In the same window, Hernández alone has scored five for his new club.
In preseason, it seemed United might have a place for Chicharito after sending him on loan to Real Madrid last season. However, even after Robin van Persie’s departure, rumors of his departure swirled, including a possible move to Orlando City SC in MLS.
“There were talks and meetings and everything,” Hernández said. “I stayed in United some months because the thoughts were that I would have a lot of opportunities. Then in the last two weeks and in the last week, I think it was the key moment when the truth was that I didn’t have a lot of opportunities. I wanted to go, and the manager let me go, and Leverkusen was there.”
A missed penalty against Club Brugge on Aug. 26, which spawned the long look on the bench between Louis van Gaal and Ryan Giggs, marked his last appearance for the English team. At the same time, Leverkusen sporting director Rudi Völler, deputy Jonas Boldt and manager Roger Schmidt initiated their efforts to land Chicharito.
He has been one of several Mexican players receiving consistent accolades for their solid play in Europe this season, including Porto pair Miguel Layún and Jesús “Tecatito” Corona and PSV’s Hector Moreno and Andrés Guardado.
“I want to appreciate that in the international game, the way they see us [is] that the Mexicans are improving a lot and that we are making good [steps],” Hernández said. “Probably in the future, we can speak now that there are 50 Mexican players playing in the best leagues in the world—and as well, American players. That would be very good for CONCACAF and for that part of the world.”
However, despite his and his countrymen’s successes in the world’s top leagues, Hernández said the rivalry between Mexico and the United States remains close. One or two results the other way, he said, and the current assessment of North America’s landscape could easily be reversed, especially after just the first year of a World Cup cycle.
“I want to be very respectful, and I don’t feel like my country is better than the U.S. or that the U.S. is better than Mexico,” he said. “For example, if the U.S. beat us that game in October, a lot of people would think the U.S. is better than Mexico.”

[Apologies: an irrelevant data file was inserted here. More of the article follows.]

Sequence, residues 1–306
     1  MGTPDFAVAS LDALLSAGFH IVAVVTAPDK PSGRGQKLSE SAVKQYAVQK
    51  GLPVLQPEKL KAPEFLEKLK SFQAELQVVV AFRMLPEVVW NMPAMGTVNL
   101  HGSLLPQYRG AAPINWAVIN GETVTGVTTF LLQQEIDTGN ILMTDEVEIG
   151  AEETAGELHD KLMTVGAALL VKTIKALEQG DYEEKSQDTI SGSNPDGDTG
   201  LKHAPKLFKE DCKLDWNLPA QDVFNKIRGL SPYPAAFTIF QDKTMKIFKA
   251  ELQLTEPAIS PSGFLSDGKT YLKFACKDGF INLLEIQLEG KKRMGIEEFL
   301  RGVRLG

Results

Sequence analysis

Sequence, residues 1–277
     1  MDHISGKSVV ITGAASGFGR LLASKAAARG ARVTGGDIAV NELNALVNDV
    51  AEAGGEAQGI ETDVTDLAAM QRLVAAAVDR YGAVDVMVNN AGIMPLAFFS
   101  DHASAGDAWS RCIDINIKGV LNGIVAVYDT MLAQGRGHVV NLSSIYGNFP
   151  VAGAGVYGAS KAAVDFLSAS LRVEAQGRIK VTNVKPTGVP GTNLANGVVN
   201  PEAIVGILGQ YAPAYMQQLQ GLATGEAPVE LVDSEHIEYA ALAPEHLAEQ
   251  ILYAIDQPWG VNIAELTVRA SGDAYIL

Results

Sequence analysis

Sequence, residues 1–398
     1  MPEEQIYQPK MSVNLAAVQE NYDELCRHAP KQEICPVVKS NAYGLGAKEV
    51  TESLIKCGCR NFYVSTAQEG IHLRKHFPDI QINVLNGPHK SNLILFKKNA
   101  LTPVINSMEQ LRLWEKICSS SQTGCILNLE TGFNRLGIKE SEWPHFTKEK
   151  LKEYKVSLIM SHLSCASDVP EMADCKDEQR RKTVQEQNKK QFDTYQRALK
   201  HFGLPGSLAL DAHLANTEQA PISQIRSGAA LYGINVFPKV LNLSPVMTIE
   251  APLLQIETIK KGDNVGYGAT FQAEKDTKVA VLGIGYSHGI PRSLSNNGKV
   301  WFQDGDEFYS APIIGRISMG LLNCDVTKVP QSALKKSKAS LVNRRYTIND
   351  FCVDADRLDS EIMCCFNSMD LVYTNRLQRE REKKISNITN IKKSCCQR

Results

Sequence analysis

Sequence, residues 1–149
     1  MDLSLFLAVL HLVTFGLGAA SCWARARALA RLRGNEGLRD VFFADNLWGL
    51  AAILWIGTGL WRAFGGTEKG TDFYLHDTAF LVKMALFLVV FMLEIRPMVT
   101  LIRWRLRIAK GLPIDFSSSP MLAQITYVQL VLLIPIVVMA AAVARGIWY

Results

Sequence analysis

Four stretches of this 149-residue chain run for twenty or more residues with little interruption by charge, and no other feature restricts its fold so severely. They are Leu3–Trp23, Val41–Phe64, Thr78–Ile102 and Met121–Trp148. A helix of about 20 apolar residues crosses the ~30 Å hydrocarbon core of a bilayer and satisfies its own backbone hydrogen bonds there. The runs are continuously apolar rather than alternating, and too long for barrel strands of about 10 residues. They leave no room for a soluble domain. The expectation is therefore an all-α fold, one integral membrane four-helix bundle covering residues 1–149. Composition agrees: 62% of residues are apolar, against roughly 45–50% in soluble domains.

Hernández said he was struck by the level of support his team received at the Rose Bowl, although stateside ex-pats have always fanatically supported their home country. Based on the pure number of diehard fans nationwide and the crowd in Southern California, it wouldn’t be hard to conclude that El Tri is the most popular national team in the U.S.
“All the people who live in the U.S., for example, who are Mexicans, they support us very well,” he said. “In October, [even though] we were in Los Angeles, in the stadium you could feel that there were more Mexicans than Americans. All those people, I want to say thank you for the support, for my career and for all the Mexicans.”
It’s not hard for fans to support a player currently tearing through one of the best leagues in the world, seemingly threatening to score every time he touches the ball. It’s made more remarkable by the precarious way it started for Hernández, but after the first half of the European season, he has become CONCACAF’s most in-form player.
Not that he’ll ever be ready to make such declarations, as he’s clearly just enjoying his current stability and the reinvigoration it has provided.
“What I love most in my life [is] to be inside the stadium, inside the pitch, to play. If the good things are coming [as a result], it’s part of life and if the bad results or bad things are coming as well, it’s part of life,” Chicharito said. “I just came here very glad and very happy and very motivated to do what I love most, which is play football.”